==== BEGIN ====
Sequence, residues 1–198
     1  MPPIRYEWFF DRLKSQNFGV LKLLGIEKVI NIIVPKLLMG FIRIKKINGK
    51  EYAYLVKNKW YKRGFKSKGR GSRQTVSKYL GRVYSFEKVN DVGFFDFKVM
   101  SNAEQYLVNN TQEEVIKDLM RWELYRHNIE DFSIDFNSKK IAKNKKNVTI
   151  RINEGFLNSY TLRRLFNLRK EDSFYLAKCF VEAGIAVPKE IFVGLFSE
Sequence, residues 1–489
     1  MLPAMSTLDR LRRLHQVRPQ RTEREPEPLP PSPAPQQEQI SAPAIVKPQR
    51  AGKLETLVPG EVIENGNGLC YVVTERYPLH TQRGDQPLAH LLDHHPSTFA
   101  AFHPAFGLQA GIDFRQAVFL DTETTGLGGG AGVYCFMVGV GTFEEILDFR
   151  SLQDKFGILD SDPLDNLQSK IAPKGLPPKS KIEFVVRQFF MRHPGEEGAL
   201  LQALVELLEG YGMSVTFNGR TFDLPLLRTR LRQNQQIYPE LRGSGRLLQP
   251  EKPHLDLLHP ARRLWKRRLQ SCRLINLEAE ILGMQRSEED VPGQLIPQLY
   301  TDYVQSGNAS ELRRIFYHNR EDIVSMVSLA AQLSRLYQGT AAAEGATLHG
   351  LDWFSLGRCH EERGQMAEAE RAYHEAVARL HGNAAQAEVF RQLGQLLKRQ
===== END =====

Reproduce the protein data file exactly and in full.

Sequence, residues 1–198
     1  MPPIRYEWFF DRLKSQNFGV LKLLGIEKVI NIIVPKLLMG FIRIKKINGK
    51  EYAYLVKNKW YKRGFKSKGR GSRQTVSKYL GRVYSFEKVN DVGFFDFKVM
   101  SNAEQYLVNN TQEEVIKDLM RWELYRHNIE DFSIDFNSKK IAKNKKNVTI
   151  RINEGFLNSY TLRRLFNLRK EDSFYLAKCF VEAGIAVPKE IFVGLFSE
Sequence, residues 1–489
     1  MLPAMSTLDR LRRLHQVRPQ RTEREPEPLP PSPAPQQEQI SAPAIVKPQR
    51  AGKLETLVPG EVIENGNGLC YVVTERYPLH TQRGDQPLAH LLDHHPSTFA
   101  AFHPAFGLQA GIDFRQAVFL DTETTGLGGG AGVYCFMVGV GTFEEILDFR
   151  SLQDKFGILD SDPLDNLQSK IAPKGLPPKS KIEFVVRQFF MRHPGEEGAL
   201  LQALVELLEG YGMSVTFNGR TFDLPLLRTR LRQNQQIYPE LRGSGRLLQP
   251  EKPHLDLLHP ARRLWKRRLQ SCRLINLEAE ILGMQRSEED VPGQLIPQLY
   301  TDYVQSGNAS ELRRIFYHNR EDIVSMVSLA AQLSRLYQGT AAAEGATLHG
   351  LDWFSLGRCH EERGQMAEAE RAYHEAVARL HGNAAQAEVF RQLGQLLKRQ